At this time of the year we get calls about the best time to prune our native grape, the muscadine.
Muscadines have been a staple in diets of our Native Americans as well the settlers from the old world. Scuppernongs, a type of muscadine have been domesticated since the 1600s.
If you walk the woods, about the only time you’ll notice muscadine grapes is when you see the vines or an occasional dropped grape on the trail. Wildlife considers muscadines as a dessert.
The muscadine leaves will be high in the tree canopy. Thirsty settlers knew that the vine may be hollow and contain water, nature’s drinking fountain.
When is the best time to prune? Now is the time to get started. February and early March are the best times to do this annual chore.
The key point is that muscadine fruit are borne on new shoots arising from last year’s growth. This is why you prune back the canes that grew from the previous year.
Leave about 3 inches of growth, at least two nodes, to form spurs. The tender new shots that sprout from these buds will produce fruit during the coming growing season.
After three or four years of production, you will need to remove every other spur cluster to prevent overcrowding. Try to leave spurs that are on top of the arms. Ideally, they should be spaced approximately every 6 to 8 inches.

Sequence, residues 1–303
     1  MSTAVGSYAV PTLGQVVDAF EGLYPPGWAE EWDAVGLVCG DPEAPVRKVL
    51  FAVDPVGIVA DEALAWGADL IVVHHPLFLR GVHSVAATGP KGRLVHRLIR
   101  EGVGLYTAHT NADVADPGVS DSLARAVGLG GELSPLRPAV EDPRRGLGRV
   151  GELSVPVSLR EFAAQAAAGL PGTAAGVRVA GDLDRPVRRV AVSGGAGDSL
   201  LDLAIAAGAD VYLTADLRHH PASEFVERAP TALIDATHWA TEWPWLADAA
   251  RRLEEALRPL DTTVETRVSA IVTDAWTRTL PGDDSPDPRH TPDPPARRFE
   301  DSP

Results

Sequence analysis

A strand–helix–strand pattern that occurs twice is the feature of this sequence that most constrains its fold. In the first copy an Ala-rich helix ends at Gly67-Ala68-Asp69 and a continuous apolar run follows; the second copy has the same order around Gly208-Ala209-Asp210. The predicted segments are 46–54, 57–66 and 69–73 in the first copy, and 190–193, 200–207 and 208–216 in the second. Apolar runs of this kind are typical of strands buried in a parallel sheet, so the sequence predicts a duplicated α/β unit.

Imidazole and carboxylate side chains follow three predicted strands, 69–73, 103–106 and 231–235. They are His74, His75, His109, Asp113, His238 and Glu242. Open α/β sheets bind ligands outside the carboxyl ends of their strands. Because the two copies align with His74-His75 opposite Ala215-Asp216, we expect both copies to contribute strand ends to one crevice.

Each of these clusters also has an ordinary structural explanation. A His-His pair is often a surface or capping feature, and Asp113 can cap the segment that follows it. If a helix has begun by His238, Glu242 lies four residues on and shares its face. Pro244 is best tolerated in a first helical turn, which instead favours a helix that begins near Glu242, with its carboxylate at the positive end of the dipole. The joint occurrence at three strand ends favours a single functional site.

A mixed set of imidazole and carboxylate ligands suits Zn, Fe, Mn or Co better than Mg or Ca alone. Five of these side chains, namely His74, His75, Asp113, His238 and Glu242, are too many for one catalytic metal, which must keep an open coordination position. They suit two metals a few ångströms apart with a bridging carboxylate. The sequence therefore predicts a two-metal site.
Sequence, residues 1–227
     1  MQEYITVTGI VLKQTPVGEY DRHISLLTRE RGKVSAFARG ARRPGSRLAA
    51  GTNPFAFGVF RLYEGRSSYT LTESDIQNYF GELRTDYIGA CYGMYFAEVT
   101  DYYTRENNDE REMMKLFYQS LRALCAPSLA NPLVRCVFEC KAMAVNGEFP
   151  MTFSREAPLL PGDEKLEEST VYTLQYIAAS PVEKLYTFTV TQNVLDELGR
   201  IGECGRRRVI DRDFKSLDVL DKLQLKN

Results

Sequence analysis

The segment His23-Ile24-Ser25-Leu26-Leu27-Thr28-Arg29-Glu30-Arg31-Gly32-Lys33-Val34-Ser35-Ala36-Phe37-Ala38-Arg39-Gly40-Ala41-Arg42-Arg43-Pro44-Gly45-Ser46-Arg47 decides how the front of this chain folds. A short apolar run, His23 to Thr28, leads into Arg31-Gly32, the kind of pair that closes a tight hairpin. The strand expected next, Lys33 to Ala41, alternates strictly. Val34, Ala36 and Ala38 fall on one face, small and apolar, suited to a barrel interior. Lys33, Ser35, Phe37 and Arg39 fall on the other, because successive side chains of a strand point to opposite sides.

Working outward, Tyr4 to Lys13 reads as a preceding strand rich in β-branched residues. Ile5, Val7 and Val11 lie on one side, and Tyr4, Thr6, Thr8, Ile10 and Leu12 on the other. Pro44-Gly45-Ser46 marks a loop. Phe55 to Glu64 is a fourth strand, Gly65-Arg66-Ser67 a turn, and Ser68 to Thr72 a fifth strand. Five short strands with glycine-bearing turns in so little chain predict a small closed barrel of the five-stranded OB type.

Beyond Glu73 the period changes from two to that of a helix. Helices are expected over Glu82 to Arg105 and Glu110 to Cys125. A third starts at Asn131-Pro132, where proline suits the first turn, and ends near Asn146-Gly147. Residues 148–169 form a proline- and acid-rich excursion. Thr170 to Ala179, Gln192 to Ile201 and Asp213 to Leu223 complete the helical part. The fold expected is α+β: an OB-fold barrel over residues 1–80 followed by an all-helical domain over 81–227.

If you leave too many buds on the vine, the plant overproduces and the fruit may be poor. Always remove old fruit stems since they are a source of disease.
When you are finished, the muscadine vine should be in the shape of the letter T. A well-trained muscadine vine will have a single trunk which divides into two to four major fruiting arms, or cordons, which grow along the trellis wires.
Over a period of years, a zig-zagging pattern of growth along the old wood will be seen on the cordons. It’s fairly easy to identify 1-year-old wood. It’s generally a light brown in color and will contain small numerous brown buds along its surface.
Older wood is darker colored and appears tougher and woodier. Remember to remove all shoots from the trunk area.
Remove the tendrils that wrap around the arms or spurs. Tendrils are finger-like plant parts that muscadines use to attach to their supporting structure such as the trellis wire. If they are not removed, they can girdle the arms or spurs and cause reduced production.
Don’t be alarmed if the vines bleed at the pruning cuts. Bleeding does not harm the vines. Pruning does produce a lot of vines to be disposed of. An easy way is to lay out a tarp and place the pruned canes on the tarp. They can then be dragged off for disposal.
When you are finished you can take pride in a job well done and you’ll have a better crop and healthier vines.
Brian Maddy is the ANR Agent for Troup Cooperative Extension. The Troup County Extension office is located at 114 Church St. in LaGrange and may be reached at 706-883-1675, Monday through Friday, 8 a.m. to 5 p.m.